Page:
The 2000 paper was featured in the TAR graph, which is what I think all the fuss about divergence not being shown comes in. However, there’s not much divergence in the Briffa 2000 graph of ‘Northern’ Chronology Average, obtainable from CRU along with the abstract of the paper.

    The Briffa et al. 2001 paper features in AR4 fig. 6.10b as BOS..2001. The text describes the divergence problem and states that “Briffa et al. (2001) specifically excluded the post-1960 data in their calibration against instrumental records, to avoid biasing the estimation of the earlier reconstructions (hence they are not shown in Figure 6.10)”.

    So much for The Auditor’s allegation that “in order not to “dilute the message” in IPCC TAR, climate scientists chose to “hide the decline”, by simply deleting adverse data that went down.” Wonder if he got his Briffa’s mixed up, or is he just trying to confuse his readers?

  37. #37 willard

    dave s,

    Thank you for the historical details.

    I believe that I can echo this:

    > So much for The Auditor’s allegation that “in order not to “dilute the message” in IPCC TAR.

    So much for The Auditor’s allegation that you need to trick to sell the “unprecedented” bit, more so if we consider, as you do, that “MBH actually shows warmer temps than Lamb between about 1380 and 1470.”

    Speaking of Bishop’s fuss, here’s an old comment from guest appearing John Hunter:

    > You say “it’s pretty remarkable how seamlessly IPCC went from the 1990 graph to the Mann hockey stick”. Indeed it is, if you read the relevant sections of the 1990, 1995 and 2001 IPCC Assessments (but I appreciate that the contrarian promotional line conveniently ignores the 1995 Assessment). Don’t you think that it is a good thing that these discussions followed a reasonably steady developmental course rather than consisting of one single quantum leap from one belief to another?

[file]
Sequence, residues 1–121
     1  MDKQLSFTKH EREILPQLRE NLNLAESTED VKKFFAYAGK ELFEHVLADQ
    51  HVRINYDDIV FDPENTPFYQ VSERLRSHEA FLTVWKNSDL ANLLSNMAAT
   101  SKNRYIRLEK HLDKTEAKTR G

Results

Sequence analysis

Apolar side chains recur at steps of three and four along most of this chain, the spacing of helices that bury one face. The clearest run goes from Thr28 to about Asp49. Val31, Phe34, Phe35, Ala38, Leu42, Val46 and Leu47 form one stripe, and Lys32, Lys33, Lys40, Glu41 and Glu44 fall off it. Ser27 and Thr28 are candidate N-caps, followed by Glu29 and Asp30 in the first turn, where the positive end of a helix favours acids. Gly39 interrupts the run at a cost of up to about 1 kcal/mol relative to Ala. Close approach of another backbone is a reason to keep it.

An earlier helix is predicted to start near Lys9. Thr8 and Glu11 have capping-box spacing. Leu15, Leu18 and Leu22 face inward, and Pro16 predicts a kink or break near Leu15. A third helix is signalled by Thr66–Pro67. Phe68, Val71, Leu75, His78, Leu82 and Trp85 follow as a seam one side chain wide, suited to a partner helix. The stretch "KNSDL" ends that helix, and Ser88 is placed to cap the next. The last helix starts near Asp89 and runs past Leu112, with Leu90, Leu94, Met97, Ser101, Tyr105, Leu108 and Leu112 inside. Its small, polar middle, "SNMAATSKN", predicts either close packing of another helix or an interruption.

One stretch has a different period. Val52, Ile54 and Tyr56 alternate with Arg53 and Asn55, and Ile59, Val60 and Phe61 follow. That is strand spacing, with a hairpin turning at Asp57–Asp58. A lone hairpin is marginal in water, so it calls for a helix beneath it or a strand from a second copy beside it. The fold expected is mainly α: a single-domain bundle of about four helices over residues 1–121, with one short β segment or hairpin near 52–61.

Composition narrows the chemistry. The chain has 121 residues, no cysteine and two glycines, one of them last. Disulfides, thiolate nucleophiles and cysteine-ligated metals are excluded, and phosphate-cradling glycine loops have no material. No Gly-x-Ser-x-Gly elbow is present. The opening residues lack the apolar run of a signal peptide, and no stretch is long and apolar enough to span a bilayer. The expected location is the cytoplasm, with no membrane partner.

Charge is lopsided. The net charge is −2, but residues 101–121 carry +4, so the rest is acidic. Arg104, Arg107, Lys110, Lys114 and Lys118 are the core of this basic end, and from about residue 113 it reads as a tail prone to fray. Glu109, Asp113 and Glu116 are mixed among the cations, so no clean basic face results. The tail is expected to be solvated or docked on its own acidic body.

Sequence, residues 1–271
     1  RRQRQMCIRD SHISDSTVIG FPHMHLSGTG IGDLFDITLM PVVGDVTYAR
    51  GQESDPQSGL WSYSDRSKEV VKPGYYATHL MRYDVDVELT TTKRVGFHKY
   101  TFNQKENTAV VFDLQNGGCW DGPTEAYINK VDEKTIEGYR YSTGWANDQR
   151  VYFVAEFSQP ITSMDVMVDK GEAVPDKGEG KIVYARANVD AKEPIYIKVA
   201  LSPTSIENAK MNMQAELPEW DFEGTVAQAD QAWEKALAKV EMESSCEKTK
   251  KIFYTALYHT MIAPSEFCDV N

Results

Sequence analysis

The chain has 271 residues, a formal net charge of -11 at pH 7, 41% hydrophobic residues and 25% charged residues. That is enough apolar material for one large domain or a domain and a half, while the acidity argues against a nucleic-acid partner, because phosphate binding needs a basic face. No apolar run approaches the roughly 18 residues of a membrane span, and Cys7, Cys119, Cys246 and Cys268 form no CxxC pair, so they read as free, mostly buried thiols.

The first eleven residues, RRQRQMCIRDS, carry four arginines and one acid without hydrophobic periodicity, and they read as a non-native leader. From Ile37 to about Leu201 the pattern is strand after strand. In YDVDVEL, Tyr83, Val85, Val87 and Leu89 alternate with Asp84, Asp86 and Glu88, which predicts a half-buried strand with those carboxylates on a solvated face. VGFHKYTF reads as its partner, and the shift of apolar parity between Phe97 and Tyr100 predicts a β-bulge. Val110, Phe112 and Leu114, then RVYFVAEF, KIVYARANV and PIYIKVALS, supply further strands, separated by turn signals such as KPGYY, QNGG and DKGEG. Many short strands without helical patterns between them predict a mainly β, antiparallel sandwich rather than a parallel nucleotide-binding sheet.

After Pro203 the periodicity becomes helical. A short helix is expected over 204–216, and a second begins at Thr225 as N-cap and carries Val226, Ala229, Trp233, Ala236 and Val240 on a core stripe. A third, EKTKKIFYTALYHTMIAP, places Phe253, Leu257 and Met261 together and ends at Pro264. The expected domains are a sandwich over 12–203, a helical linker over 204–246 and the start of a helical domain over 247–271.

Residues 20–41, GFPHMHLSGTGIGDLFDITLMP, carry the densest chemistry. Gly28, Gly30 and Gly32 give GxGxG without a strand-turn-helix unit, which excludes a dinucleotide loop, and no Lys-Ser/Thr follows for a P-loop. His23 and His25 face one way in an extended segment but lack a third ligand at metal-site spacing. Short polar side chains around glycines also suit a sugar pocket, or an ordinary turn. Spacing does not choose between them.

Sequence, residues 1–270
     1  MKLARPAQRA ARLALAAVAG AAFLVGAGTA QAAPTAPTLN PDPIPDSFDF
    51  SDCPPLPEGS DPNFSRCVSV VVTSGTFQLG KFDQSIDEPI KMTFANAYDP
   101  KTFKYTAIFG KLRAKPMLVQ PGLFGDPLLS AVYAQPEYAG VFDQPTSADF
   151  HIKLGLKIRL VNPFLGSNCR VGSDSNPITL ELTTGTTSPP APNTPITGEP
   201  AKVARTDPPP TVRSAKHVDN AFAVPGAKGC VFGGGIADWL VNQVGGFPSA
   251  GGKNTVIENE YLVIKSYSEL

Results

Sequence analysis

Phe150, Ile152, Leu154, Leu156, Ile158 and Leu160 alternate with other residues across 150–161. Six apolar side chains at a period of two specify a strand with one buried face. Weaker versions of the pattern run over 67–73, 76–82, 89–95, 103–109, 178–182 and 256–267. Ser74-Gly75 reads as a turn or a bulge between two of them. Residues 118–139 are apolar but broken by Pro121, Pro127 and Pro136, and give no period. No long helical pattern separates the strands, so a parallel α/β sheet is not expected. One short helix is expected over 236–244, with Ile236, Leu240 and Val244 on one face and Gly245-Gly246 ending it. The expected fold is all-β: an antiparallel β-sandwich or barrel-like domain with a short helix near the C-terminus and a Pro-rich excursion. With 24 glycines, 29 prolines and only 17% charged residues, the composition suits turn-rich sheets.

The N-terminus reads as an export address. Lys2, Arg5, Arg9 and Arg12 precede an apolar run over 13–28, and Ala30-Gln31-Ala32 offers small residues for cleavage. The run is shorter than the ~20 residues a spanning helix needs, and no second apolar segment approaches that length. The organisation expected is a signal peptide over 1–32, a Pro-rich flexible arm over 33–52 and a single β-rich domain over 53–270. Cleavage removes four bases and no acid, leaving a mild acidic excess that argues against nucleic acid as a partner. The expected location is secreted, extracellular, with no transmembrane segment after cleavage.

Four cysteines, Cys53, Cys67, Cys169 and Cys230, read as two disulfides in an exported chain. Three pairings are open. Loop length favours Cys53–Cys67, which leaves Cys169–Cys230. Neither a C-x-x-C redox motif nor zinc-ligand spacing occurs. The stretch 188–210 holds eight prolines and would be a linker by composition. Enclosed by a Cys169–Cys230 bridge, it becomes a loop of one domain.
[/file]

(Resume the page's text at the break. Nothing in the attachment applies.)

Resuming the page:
Sounds like John Mashey’s not alone. Nevertheless, the Auditor’s response was not to say that this comment was “deranged”:

    > The comments that you quote from IPCC SAR are certainly on point. They seem to be based on Bradley and Jones [1993] and Hughes and Diaz [1994]. I agree that Jones, Bradley and Hughes have been at this much longer than Mann. I don’t think that the earlier studies are valid either. The history of the developing reliance on these very low-quality studies would be interesting to examine in detail.

    The difference of tone in this exchange (many others between The Auditor and John Hunter are less cordial) and the one between Tom Curtis and CA was a bit different: the latter had more to do with hyenas hunting a rhinoceros than a dialog.